Spread the wealth? Reallocate control? That’s not reality. That’s not survivable, not on or off the estates. That’s begging for the total collapse of civilization as we know it, love it, and feed off it here in the IEE. So sayeth the lords of commerce and good vassals everywhere. In AIG we trust.
Citizens are gone. They are now vassals. It happened in a funny way. All the banks around the world collapsed, broke. So the peoples’ money was used to refund all the banks. But don’t get any ideas. When the people buy the banks, do they not own them? Yes and no, but mostly and decisively no. You see, the people may properly own the banks (having bought them) but they sure as hell do not get to decide what to do with the money or how to do it. For that is not capitalism, and capitalism is what they bought. Clear? Clever? Clout. In capitalism, the people do not own the decisions. They are not the deciders. They are the consumers, the workers, and in a pinch they may be the funders. To review, the people may be the buyers and in theory the owners, but they are never ever upon any circumstances the deciders. In capitalism, the well-connected few are the deciders, the rulers who select candidates for office, who dole out funds for the campaigns, who provide the illusion of choice via sundry discrepancies for vassals to obsess over and pick between. Nothing more is meant to be.
Am I speaking over your heads, dear vassals? Let me see if I can put this in plainer words. The privileged few rule, the masses obey, even when the masses do most of the work, buy most of the stuff, and totally bailout the bankrupt rulers. That, my friends, is capitalism. Some used to call such a system Chinese Democracy before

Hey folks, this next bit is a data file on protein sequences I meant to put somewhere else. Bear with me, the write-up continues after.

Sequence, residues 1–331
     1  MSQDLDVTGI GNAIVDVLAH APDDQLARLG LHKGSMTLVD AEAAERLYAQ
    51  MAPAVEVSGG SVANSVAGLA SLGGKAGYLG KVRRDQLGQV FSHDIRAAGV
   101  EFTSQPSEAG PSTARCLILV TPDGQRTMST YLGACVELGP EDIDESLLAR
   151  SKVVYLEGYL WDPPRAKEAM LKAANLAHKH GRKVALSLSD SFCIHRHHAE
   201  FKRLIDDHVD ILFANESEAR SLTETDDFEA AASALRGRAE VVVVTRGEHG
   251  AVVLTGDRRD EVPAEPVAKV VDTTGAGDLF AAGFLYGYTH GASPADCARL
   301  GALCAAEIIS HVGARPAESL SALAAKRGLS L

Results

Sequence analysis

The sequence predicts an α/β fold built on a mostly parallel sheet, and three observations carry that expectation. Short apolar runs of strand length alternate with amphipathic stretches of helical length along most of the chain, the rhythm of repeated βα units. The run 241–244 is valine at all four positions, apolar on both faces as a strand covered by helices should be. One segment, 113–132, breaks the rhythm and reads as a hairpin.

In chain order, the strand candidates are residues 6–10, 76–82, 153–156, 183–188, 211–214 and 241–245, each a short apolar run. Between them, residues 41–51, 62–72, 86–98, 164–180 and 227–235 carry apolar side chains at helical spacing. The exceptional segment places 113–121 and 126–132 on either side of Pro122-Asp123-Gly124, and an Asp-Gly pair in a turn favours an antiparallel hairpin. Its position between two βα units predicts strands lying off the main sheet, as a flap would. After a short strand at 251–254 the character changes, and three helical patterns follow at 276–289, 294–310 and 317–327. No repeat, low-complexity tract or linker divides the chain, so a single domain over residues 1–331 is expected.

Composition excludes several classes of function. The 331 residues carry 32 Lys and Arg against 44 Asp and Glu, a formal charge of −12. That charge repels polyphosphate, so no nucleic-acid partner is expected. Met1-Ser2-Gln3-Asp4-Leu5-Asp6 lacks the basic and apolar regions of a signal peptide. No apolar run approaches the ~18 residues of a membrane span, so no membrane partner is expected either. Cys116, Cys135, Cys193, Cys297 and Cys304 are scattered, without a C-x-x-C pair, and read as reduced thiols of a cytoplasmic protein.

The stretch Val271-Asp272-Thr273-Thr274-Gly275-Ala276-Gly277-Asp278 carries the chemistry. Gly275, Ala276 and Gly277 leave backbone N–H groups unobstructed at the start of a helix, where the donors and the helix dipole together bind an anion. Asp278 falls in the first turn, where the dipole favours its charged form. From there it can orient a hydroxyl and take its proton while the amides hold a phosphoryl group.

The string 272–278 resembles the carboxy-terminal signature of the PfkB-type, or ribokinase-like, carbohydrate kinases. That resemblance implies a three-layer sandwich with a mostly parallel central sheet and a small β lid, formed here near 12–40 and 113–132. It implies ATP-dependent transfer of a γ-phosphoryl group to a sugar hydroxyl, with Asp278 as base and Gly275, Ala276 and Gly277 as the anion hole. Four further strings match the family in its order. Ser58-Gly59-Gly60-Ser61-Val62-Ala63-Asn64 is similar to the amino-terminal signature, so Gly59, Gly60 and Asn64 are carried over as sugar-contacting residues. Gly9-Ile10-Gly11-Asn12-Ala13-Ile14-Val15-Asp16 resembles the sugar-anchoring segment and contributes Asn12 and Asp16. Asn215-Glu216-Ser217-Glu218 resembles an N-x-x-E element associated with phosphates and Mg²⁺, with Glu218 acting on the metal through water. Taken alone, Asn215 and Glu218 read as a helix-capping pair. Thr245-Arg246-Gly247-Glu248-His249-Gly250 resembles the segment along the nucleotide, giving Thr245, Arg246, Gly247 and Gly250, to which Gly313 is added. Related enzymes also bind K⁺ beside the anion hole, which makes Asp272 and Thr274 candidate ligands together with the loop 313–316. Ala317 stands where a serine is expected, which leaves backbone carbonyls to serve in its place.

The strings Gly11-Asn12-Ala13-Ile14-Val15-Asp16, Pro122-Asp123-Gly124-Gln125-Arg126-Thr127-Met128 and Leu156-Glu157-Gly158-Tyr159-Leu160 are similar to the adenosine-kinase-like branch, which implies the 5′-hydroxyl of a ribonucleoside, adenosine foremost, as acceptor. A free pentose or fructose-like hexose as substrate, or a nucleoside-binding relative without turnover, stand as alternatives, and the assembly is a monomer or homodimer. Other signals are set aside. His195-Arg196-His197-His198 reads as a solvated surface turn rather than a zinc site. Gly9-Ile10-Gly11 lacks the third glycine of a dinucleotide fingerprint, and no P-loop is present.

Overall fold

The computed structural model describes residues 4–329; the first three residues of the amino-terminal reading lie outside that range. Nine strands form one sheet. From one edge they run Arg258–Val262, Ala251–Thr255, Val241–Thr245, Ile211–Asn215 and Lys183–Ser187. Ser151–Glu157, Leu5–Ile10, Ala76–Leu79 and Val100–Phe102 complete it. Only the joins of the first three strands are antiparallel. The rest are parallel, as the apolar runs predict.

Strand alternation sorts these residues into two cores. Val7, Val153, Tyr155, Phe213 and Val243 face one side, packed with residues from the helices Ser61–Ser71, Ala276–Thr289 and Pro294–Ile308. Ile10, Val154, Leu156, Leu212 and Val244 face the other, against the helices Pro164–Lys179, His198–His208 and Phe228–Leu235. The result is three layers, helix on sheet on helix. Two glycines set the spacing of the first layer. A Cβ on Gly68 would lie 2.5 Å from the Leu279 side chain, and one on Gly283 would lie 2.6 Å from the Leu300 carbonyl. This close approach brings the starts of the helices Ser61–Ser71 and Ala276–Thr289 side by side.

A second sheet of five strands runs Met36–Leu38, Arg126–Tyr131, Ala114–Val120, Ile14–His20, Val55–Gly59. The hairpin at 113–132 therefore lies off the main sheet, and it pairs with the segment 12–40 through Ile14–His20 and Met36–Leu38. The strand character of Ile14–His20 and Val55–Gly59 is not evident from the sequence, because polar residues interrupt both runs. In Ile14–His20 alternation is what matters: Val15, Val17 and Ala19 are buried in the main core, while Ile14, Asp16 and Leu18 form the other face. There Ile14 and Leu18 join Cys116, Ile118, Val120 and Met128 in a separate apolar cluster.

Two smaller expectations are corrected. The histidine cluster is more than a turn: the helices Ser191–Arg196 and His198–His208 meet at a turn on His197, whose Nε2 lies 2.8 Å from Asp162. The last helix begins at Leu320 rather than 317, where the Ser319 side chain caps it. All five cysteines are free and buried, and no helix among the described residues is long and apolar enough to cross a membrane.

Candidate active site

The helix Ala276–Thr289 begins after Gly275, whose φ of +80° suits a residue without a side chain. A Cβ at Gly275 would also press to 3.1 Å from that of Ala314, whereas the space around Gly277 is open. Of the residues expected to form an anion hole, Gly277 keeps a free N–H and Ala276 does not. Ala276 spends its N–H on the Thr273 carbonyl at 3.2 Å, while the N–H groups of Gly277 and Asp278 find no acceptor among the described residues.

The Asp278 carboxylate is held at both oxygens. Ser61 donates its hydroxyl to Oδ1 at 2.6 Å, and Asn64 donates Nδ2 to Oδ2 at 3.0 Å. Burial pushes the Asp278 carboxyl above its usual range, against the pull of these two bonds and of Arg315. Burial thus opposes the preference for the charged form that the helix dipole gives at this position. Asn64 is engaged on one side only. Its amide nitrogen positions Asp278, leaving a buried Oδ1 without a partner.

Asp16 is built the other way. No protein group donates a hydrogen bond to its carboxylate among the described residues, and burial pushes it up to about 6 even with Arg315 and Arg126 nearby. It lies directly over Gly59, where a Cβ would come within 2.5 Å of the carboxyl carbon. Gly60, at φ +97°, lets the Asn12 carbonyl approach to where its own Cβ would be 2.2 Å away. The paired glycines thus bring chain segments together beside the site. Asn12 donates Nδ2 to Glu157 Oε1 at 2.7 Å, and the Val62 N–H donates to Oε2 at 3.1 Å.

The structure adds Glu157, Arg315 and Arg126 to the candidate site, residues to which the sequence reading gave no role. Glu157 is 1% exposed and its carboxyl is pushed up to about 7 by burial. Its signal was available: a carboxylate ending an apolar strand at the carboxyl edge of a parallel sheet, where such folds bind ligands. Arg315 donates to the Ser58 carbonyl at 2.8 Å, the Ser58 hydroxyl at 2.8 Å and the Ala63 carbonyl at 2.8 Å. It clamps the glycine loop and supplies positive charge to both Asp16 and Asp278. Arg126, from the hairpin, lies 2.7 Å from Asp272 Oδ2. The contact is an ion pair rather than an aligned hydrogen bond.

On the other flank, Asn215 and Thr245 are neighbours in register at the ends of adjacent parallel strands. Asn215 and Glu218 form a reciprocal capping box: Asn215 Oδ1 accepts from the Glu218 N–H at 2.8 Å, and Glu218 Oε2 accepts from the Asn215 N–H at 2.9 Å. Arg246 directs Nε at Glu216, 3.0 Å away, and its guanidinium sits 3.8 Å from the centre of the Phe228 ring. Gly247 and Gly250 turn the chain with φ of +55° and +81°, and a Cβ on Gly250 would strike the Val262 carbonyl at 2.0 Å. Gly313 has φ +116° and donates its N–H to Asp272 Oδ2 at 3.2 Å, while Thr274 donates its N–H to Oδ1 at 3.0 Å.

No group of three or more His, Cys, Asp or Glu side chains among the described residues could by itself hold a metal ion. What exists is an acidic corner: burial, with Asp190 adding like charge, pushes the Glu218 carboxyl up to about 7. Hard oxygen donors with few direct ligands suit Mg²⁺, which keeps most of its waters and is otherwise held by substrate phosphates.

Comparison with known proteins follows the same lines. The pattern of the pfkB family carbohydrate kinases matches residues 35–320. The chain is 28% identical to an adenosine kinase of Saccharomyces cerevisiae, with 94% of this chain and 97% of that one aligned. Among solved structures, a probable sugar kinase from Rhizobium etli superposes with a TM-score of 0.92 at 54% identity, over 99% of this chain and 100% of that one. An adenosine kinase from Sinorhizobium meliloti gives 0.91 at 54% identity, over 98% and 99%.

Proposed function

Granted, technically, no land has ever practiced pure capitalism, because, unfortunately, pure capitalism is a self-exploding system – inherently wildly unstable. Totally free markets always lead to disaster – collapse of all sorts. Thus, regulation always exists to help curb catastrophe. And so it is, sadly, that contrary to common understanding, pure capitalism is almost as horrific as pure democracy. Demoscrazy, you know. We’ve had enough of that – we’ve seen where it leads – not to vassalage! which we much prefer. We prefer vassals to people. We prefer submission to rule. Capitalism is a nice thought, an ideal. But vassalism rules.
Oh I know you odd, broke, and broken spirits out there may think of vassalism as little more than slavery. We pity you penny-pinched souls who could not be more mistaken, more immoral. After all, slaves had no money and so could not readily repay their debts, let alone those of their superiors. That is the gross deficiency of the economic system of pure slavery. We had to replace it. Vassalism is much more efficient, much safer for rulers everywhere. It puts people in their proper place. All hail vassalism! See you at the wars!